I fear that this will haunt you more than your difficult child. She will, in her wisdom, lie the blame at everyone else's door but her own. You will feel the brunt of her anger, her confusion (as she's sure to be "misunderstood"), & her loneliness as this will further ostracize her from her peers.

    Again (((hugs))).
  6. Marguerite

    Marguerite Active Member

    One thing I wish I could hammer into some heads - "Not every thought you have is worth sharing. Not everybody needs to know every thought that passes through your head."

    And the final advice - "If you can't say something nice, say nothing at all."

    Some people don't get it.

  7. HaoZi

    HaoZi Guest

    We refer to this as the Thumper Rule (if you remember Bambi). Nice way of reminding them in public without having to be openly critical.
  8. ML

    ML Guest

    What Marg said. I look forward to hearing how this drama unfolds.
  9. DaisyFace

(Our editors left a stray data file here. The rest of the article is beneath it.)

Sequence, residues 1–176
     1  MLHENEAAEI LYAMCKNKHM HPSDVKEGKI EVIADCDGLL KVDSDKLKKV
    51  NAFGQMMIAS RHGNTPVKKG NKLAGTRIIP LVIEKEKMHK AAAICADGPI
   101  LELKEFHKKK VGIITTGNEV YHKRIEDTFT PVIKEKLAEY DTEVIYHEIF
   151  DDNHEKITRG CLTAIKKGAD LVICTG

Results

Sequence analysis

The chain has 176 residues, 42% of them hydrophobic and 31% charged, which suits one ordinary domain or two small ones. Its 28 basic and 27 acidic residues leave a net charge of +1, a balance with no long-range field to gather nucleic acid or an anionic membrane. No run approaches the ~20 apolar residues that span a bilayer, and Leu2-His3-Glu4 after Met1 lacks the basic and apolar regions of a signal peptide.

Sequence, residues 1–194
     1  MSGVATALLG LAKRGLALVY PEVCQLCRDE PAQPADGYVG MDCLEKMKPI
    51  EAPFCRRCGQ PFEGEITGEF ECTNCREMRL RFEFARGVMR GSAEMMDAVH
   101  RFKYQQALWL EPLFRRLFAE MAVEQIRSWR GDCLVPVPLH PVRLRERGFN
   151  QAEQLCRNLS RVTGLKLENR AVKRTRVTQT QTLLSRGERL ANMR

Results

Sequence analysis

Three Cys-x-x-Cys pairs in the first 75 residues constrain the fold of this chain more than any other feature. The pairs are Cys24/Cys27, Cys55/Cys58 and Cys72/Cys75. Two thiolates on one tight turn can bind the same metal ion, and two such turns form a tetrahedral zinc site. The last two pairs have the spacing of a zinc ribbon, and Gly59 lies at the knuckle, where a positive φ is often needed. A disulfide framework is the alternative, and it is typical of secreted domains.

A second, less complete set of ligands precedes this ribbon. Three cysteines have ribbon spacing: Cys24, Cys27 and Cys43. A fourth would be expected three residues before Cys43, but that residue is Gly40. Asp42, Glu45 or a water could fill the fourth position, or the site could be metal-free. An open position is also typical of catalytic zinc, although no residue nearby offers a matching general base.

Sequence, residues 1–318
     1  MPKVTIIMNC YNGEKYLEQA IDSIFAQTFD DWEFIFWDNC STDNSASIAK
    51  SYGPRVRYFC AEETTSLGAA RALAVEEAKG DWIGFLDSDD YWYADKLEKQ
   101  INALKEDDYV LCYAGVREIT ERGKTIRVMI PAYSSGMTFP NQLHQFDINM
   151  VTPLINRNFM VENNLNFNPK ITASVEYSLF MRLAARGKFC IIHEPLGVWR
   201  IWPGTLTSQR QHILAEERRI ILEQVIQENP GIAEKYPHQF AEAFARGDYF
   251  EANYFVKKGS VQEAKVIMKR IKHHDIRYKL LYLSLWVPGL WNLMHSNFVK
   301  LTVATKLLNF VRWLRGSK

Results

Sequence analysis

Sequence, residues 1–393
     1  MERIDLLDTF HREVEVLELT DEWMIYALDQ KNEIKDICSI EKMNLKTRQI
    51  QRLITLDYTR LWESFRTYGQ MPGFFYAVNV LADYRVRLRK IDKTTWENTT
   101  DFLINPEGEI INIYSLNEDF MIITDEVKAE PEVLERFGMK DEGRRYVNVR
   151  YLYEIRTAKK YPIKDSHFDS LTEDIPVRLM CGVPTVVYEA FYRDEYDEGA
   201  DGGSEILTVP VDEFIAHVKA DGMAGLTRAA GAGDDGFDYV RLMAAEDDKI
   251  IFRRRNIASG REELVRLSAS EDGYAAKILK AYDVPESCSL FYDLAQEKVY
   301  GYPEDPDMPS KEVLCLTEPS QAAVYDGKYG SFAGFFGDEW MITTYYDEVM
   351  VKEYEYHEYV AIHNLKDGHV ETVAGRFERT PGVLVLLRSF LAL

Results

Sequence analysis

DaisyFace Love me...Love me not

    I think you hit the nail right on the head! This is exactly difficult child - and exactly why talking and explaining seem to have no effect on her behavior...


    I think you are right about the letter "reeking of grandiosity". I purposely did not read the whole thing - the parts I saw (of the rambling, six page note) difficult child went on and on and on about how she herself is very well behaved and only called this other girl A, B, and C - therefore, it makes no sense for difficult child to lose bus priviledges because the other girl is clearly the problem.

    As for difficult child? She came home from school yesterday reporting that "everyone" thought the letter was really great and really professional and the principal can't wait to talk to her about it. Ugh!

    Step, Shelly, Haozi, ML--

    Thanks for your understanding and support! I'll update about the letter when I know more...
  10. Marguerite

    Marguerite Active Member

    I bet he can't! I'd love to be a fly on the wall.. but the sad thing is, she still won't get it.

    Maybe one day she will, when her brain matures enough for her to lose this total egocentricity. But you can't teach what the brain can't learn. She is going to have to experience being on the receiving end, AND 'get it' that this is what she does to other people. A tall order, not possible at the moment.